These objective conditions have been ripening for decades and provide the groundwork for the outbreak of the Montgomery masses. The immediate factor preparing the masses for the actual struggle was the [Emmett] Till case and its aftermath, which demonstrated to the Negroes that the Federal Government would do nothing against the Jim Crow system, that any feeling that the Negroes had an ally in the national capital was an illusion, and that if anything was to be done they would have to do it themselves.
The struggle is now beginning to unfold. As it develops, all the resources of the American capitalist class will be aligned against it: all the forces of reaction, all agencies of government, the army, the avenues of information and the schools, churches and courts. Yet, the victory of the masses will be assured under two conditions:
1. That the struggle of the Southern workers, led by the Negroes, will rekindle the fires of the class struggle throughout the country and bring into play the great powers of the American proletariat in solidarity with them.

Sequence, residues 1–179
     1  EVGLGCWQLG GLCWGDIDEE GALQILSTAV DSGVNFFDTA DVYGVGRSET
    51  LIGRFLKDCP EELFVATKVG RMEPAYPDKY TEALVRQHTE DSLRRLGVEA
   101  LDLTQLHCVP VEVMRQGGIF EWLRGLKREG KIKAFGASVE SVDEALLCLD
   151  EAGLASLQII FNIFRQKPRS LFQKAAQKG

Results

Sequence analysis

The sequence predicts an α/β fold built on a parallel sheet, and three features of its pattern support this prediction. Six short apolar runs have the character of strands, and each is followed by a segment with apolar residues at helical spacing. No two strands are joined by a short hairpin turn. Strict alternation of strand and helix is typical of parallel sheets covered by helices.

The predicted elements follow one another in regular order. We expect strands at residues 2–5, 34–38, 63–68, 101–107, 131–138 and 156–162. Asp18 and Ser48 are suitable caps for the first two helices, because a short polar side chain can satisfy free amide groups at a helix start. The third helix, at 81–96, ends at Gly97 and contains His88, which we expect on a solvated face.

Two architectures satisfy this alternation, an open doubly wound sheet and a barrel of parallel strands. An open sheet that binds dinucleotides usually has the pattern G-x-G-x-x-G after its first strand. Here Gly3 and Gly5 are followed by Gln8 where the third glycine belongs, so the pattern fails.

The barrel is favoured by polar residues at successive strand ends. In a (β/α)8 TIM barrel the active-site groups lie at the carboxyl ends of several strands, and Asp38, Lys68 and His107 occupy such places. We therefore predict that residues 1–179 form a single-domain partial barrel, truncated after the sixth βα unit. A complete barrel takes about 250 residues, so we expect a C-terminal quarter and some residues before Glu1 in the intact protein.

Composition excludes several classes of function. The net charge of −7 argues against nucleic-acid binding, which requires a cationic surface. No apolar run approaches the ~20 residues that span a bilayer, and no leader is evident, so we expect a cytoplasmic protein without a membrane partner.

2. That the Southern masses will produce a revolutionary socialist leadership fully conscious of its aims, the road of struggle, the magnitude of the task.
The Montgomery boycotters forecast the unfolding movement which will take the lead in the emancipation of the Southern masses.
We support the courageous internationalism of their sympathy for and self-identification with the struggles of the dark-skinned colonial masses. This kinship arises from the common bond forged by years of common struggle against white supremacy. It is our elementary duty, however, to warn the Negro people away from Gandhi’s program of “passive resistance” as a means of their liberation.